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College Expands Master's Programs in Nursing

May 3, 2006 -- Mount Saint Mary’s University, Los Angeles is expanding its already robust nursing programs with the recent approval of three new master’s degree tracks and one certificate program. The College currently has one master’s degree program to prepare nurses to become educators.

The new specialty areas are the Executive Leadership and Administration Track, the Community Health Track, the Clinical Nurse Specialist Track, and the post-master’s degree Clinical Nurse Specialist Track. Each program will accept about 25 students starting in 2007. Students may choose to begin coursework as early as January, but most are expected to enroll in August 2007. The new tracks will prepare nurses to work in various leadership roles in the medical field.

The College’s Master’s of Science in Nursing (MSN) program began in 2003 and now enrolls 37 students pursuing degrees to become nurse educators. An increased pool of nurse educators allows colleges to increase the number of nursing students, who in turn graduate and help the region alleviate its nursing shortage.

Six graduates of the Mount’s nurse educator program already are working as part-time instructors for the associate, bachelor, and master’s level classes at Mount Saint Mary’s University. Other graduates are employed at neighboring schools including L.A. Harbor College and El Camino College.

Marsha Sato, director of the MSN program, said even though Los Angeles needs more nursing instructors, it also needs nurses with master’s degrees to work directly in patient care and in leadership roles at hospitals and clinics. “We want to expand our programs to continue to serve the community,” she said.

“Nurses choose the Mount because the College is a strong educator in the liberal arts and is founded on a values-based philosophy that is ethically and socially just. We offer classes on weeknights and weekends to fit the schedules of students working full-time,” Sato added. Classes at the Mount also are personal and designed for maximum contact between students and instructors, leading to thoughtful dialogue in the pursuit of excellent nursing care and the promotion of nursing practice.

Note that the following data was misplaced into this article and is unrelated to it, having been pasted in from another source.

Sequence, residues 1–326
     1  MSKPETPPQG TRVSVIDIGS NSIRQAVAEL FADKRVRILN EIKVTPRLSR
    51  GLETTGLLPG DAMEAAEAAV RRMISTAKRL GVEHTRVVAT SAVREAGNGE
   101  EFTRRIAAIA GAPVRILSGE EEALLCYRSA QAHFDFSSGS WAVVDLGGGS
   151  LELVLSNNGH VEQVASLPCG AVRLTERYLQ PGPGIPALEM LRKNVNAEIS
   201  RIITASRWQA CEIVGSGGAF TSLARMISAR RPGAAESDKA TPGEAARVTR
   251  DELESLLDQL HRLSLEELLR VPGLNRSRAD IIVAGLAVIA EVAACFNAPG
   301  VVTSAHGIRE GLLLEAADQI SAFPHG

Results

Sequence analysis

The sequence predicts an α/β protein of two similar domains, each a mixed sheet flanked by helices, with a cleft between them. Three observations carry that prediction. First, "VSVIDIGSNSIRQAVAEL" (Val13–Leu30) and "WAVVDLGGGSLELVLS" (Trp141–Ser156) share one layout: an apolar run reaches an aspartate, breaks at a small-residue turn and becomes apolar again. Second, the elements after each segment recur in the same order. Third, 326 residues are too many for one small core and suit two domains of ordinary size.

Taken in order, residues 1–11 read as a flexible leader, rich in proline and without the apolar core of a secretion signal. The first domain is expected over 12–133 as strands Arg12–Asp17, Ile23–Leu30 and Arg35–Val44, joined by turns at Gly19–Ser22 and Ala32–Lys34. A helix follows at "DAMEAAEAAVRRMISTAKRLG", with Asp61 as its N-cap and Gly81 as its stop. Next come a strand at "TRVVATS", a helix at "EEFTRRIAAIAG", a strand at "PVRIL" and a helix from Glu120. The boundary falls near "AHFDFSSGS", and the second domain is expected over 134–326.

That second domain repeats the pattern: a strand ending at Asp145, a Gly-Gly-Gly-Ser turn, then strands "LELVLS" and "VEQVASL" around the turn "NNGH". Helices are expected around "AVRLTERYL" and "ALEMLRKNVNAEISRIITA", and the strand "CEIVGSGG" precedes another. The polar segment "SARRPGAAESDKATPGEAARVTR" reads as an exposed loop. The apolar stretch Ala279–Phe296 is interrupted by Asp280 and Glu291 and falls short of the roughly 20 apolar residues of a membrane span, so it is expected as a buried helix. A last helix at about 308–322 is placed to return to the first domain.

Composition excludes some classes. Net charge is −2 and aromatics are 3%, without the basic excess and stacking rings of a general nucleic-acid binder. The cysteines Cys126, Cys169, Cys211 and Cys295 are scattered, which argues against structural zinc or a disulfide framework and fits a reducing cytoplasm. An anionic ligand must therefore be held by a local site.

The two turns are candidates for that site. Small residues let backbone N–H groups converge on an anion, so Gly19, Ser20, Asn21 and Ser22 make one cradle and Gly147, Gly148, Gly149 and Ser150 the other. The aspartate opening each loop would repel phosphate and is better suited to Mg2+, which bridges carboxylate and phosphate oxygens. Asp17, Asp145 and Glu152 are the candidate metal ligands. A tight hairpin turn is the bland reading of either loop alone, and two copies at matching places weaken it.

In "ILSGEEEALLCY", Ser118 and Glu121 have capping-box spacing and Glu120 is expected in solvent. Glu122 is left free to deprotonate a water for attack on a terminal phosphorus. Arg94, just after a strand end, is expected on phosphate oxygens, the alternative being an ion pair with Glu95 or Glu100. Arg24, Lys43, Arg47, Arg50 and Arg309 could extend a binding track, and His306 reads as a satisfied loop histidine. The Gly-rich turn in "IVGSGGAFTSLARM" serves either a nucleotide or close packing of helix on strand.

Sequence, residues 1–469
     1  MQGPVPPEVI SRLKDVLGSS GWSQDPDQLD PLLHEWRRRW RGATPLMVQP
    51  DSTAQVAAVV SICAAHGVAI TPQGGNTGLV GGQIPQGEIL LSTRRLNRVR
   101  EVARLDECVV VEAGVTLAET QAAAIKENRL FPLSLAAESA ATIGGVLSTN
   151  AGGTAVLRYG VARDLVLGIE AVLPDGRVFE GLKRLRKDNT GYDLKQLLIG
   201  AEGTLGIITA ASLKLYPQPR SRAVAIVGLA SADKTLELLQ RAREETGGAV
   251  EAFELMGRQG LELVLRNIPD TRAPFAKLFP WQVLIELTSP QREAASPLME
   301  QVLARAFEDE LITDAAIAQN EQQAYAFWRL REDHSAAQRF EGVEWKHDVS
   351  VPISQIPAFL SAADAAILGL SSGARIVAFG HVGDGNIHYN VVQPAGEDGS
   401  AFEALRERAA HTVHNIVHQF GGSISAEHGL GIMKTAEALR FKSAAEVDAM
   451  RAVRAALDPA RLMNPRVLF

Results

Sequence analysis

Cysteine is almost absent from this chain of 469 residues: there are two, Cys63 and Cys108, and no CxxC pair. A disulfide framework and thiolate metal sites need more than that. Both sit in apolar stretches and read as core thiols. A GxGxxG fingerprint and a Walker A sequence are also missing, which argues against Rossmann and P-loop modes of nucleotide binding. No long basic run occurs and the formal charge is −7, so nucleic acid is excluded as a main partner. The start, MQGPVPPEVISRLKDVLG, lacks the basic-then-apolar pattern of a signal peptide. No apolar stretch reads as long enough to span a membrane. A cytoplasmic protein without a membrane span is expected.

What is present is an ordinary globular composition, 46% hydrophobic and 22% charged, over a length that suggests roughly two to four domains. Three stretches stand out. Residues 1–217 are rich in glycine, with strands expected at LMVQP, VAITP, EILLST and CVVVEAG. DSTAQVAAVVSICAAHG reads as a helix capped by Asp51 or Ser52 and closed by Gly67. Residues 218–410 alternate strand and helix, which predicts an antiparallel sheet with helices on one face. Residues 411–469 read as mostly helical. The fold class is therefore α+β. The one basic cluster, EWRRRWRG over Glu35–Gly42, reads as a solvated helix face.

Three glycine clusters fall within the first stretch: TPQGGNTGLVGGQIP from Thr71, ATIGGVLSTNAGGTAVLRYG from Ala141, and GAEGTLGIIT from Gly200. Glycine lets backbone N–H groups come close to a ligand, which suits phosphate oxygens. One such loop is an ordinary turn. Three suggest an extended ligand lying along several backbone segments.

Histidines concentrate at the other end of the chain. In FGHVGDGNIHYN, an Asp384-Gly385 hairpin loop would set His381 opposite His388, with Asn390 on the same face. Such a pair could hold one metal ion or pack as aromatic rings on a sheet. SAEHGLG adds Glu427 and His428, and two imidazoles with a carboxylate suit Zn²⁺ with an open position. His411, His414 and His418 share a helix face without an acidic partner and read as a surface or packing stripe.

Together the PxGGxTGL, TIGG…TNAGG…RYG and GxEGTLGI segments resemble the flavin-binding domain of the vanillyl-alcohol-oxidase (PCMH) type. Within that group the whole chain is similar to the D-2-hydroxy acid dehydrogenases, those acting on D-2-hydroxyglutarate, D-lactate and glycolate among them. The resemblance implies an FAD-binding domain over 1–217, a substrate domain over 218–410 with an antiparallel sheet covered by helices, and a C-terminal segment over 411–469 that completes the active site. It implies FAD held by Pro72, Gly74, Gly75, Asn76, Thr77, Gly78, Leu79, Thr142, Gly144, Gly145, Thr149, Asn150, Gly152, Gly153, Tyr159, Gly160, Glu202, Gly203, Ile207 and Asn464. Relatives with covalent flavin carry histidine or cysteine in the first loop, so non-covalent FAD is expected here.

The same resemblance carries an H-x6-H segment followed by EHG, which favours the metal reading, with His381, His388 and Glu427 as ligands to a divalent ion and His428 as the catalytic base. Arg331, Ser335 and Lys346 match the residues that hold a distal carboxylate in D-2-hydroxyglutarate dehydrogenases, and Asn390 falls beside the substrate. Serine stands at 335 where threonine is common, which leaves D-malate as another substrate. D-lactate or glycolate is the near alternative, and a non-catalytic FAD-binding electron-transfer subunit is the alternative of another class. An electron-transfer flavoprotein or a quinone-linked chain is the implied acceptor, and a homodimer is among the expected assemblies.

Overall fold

The Community Health Track will be the only such master’s program in the Los Angeles-area. Most graduates will likely work in Los Angeles County’s public health system, working with social service agencies to promote wellness, prevent illness, and address special health needs of all community members. The track is a 42-unit program that may be completed in about two years.

Students in the post-master’s degree Clinical Nurse Specialist track, for nurses who already have master’s degrees in nursing or a related field, would finish with at least 400 hours of clinical experience – enough to be considered for certification as clinical nurse specialists by the California Board of Registered Nursing. Students may also accumulate as many as 500 clinical hours to be considered for national certification. Clinical nurse specialists take on leadership roles in hospitals overseeing cases in specialty fields such as pediatrics, geriatrics, and cardiology. The track is a 27-unit program that may be finished in about one year.

In the Clinical Nurse Specialist Track, students complete a 43-unit program in about two years to earn a master’s degree in nursing. They also finish clinical experience to gain certification as clinical nurse specialists, either at the state or national level.

The Executive Leadership and Administration Track is a 35-unit program that may be completed in 16 months to two years. Graduates from this program will be able to provide leadership at various levels of institutions. Some career options include managing patient care areas, such as directing perinatal services, or working as chief nursing officer of a hospital.

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